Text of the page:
"In my opinion, there will be no better chance in history for the two countries to once again take [a joint step] like in October 1973 - a chance for the countries to lift the fog... and reorganize the region. Egypt is currently the only country that enjoys the kind of popular and official support that enables it to act to stop the events in Syria, with all their regional implications, and turn them into a new October victory...

"Trump's election to the U.S. presidency, and [the U.S.'s] inward focus for at least the foreseeable future, present a golden opportunity for all residents of the region, and especially for the two poles of the Arabs' [power], to get rid of the new Middle East that is planned [for them] and instead to plan the Middle East that they want. Today, not a single obstacle is preventing the two countries from remembering their shared national anthem..."[18]

Raise Egypt's Diplomatic Representation In Syria And Iran

Al-Ahram columnist Dr. Gamal Zahran assessed that the Trump presidency will lead to a substantial change in the region, and called it Egypt's great chance to regain its role as a leader of the Arab world, including by reviving its relations with Syria. He wrote: "The clear engine of initiative in Egypt's foreign policy is to maximize the Egyptian diplomatic activity of the past three years. Egypt's support for the Russian role in Syria, which culminated with the vote in favor of the Russian and French [Security Council] resolution,[19] is a step towards reformulating the Egyptian role in the region. Therefore, we require an urgent initiative to raise [Egypt's] diplomatic representation in Syria to the level of delegation head. [The fact that this has not happened] yet is a mark of shame for Egyptian diplomacy.

"It is also time to end our woefully inadequate [diplomatic] representation in Iran. We must raise that as well, in order to serve the public interest. It is odd that the Gulf states are pressuring Egypt not to raise the level of diplomatic representation with Iran while they all have diplomatic relations with it. Is it not odd that their [obvious] goal is to minimize Egypt's regional role?!

"[There is a need for] a great Egyptian effort that reformulates Egypt's regional role in light of new regional and international developments, and in light of the election of a new U.S. president with views similar to ours, and in light of a Russian president, Putin, who is a true supporter of the Arabs' problems, and of Egypt in particular. This effort is not just necessary, but certain [to come about]..."[20]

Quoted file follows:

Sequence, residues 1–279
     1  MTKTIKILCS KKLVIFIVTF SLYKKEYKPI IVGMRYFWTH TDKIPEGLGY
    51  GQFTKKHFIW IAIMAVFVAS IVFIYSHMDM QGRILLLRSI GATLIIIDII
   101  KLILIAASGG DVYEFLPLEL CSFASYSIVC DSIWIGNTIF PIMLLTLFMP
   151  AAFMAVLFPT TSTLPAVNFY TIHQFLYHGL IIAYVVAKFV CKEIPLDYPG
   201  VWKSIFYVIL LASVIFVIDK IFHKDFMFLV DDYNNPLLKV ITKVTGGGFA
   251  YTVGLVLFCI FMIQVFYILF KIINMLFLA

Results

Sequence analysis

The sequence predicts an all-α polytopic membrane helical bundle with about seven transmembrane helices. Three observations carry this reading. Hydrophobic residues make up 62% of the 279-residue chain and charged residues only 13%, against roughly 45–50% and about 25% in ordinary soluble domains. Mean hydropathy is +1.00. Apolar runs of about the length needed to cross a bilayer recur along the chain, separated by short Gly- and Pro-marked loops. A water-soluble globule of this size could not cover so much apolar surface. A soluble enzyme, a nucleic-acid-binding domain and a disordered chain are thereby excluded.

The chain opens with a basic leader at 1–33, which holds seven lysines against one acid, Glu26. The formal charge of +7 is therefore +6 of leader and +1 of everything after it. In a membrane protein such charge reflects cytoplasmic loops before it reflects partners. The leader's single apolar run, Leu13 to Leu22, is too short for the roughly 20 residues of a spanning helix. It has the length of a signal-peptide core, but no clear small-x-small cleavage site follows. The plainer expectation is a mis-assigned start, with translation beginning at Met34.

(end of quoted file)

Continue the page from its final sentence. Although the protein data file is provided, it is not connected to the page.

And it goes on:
Egypt And Syria Need To Collaborate, Because Of The Shared Challenges They Face

Al-Ahram columnist Dr. Riad Sanih called on Egyptians to learn from Syria how to prevail in the face of scheming and pressure, arguing that the two countries should collaborate in light of the shared challenges that they face: "Egypt-Syria [relations] are not like those between other countries. The characteristics of daily life and the enemies that they share make them similar. Therefore, it is important to study well this case [of the Syria crisis] in order to thwart the schemes and stop the conspirators.

"Terrorism in Egypt and Syria is not the only clear danger threatening both... We must collaborate and act together, with a single strategy, so that our countries can emerge [from the current situation] with the upper hand and deliver a defeat to anyone who wants to harm them and bring destruction to them. The economic siege, in all its forms, may be one of the common denominators of Egypt and Syria, as part of the plot to divide both of them and to plunge them into long wars and internal conflict that will harm their decision-making and bring them under the Zionist hegemony so that it can implement its satanic policies regarding our nation and region...